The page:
Marine Renewable Energy Seascape

Alistair Borthwick

Research output: Chapter in Book/Report/Conference proceedingConference contribution

Abstract / Description of output

Marine renewable energy has a major part to play in closing the world’s energy gap and lowering carbon emissions. Key global challenges relate to technology, grid infrastructure, cost and investment, environmental impact, and marine governance.

Offshore wind turbines typically consist of three blades rotating about a hub. Although offshore wind technology is rapidly being implemented, there remain many fascinating engineering problems to overcome. These include: offshore foundations and floating support structures; alternative turbine designs based on 3D computational fluid dynamics; use of advanced materials for blades; ship manoeuvring for safe maintenance; and shared offshore platform applications (such as energy production, storage, and marine aquaculture).

Many innovative tidal stream energy devices have been proposed. An example is Salter’s cross-flow turbine, which has blades arranged vertically, supported at each end on what are rather like enormous bicycle wheels. Although tidal power assessment seems easy, the very presence of tidal turbines alters the flow field, and in turn this affects power availability. Questions surround model uncertainty, turbulence, eddies, wave-current interaction, model scale-up, and environmental impact (e.g. on marine mammals and biodiversity). High performance and cloud computing should enable three-dimensional computational modelling to become routine in future. Scale model laboratory and pilot-scale field tests complement such analysis, providing validation data and insight into the in situ behaviour of tidal turbines.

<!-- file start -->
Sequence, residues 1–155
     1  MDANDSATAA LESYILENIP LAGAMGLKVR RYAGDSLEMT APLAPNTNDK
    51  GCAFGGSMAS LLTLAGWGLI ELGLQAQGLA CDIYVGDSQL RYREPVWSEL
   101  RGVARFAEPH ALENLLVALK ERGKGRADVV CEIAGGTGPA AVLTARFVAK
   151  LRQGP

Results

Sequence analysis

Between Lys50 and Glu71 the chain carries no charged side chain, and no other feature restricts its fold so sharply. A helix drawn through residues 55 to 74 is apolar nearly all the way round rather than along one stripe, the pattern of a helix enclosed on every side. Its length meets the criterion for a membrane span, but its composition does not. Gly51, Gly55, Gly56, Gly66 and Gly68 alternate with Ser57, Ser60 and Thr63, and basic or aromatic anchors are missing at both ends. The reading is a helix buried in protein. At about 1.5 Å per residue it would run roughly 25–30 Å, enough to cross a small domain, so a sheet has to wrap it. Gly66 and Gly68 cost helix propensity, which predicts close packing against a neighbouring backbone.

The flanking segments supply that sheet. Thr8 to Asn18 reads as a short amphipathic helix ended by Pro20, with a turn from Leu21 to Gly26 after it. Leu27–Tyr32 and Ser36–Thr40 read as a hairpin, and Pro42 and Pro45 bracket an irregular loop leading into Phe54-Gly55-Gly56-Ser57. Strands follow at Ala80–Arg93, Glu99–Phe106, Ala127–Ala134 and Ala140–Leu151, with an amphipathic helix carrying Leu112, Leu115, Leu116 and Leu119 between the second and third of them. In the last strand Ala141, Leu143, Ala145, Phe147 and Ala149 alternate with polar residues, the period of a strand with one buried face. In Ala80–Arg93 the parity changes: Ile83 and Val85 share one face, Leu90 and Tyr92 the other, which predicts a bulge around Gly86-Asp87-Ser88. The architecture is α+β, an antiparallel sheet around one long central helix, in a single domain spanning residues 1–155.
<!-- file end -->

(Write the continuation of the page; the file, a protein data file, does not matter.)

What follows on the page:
Wave energy converter technology is another thriving area in which new inventions keep appearing. Here, engineers must find ways to maximise power output, improve efficiency, cut environmental impact, enhance material robustness and durability, reduce costs, and ensure survivability. Theoretical predictions of the power generated by wave energy converters require validation through laboratory-scale physical model studies and field tests. The latest simulation methods involve wave to wire modelling of arrays of wave energy converters, which integrates wave hydrodynamics, body responses, power take off, real-time control, and electricity production.

Ocean energy output is highly variable and so energy storage is essential. Compressed air energy storage, hydrogen storage, and substitute natural gas are particularly appealing options. At MaREI in Ireland, a marine power to gas concept is under development, where electrolysis is used to generate hydrogen, which is then converted to methane to be added to the natural gas network. Marine biomass is another source of marine renewable energy, through conversion to biofuel.

Novel materials with improved strength, fatigue, durability, and anti-corrosion properties are already on the horizon. Advanced composites, such as glass-fibre reinforced polymers, are ideal for cost reduction and increased reliability.

Access to ocean energy systems is expensive and hazardous. Present and future challenges include remote monitoring, control systems, robotics for operational support, and real-time weather forecasting for predictive maintenance to ensure devices can survive in extreme sea states as they arise.

In summary, marine renewable energy has huge potential, but demanding global challenges have to be met before the seascape will give up its precious energy resources. As in the industrial revolution, a new generation of engineers is required with the ingenuity, wisdom, and boldness to meet these inter-disciplinary challenges
Original languageEnglish
Title of host publicationThe 2nd Global Grand Challenges Summit, Beijing, 15-16 September 2015
Publication statusPublished - 2015

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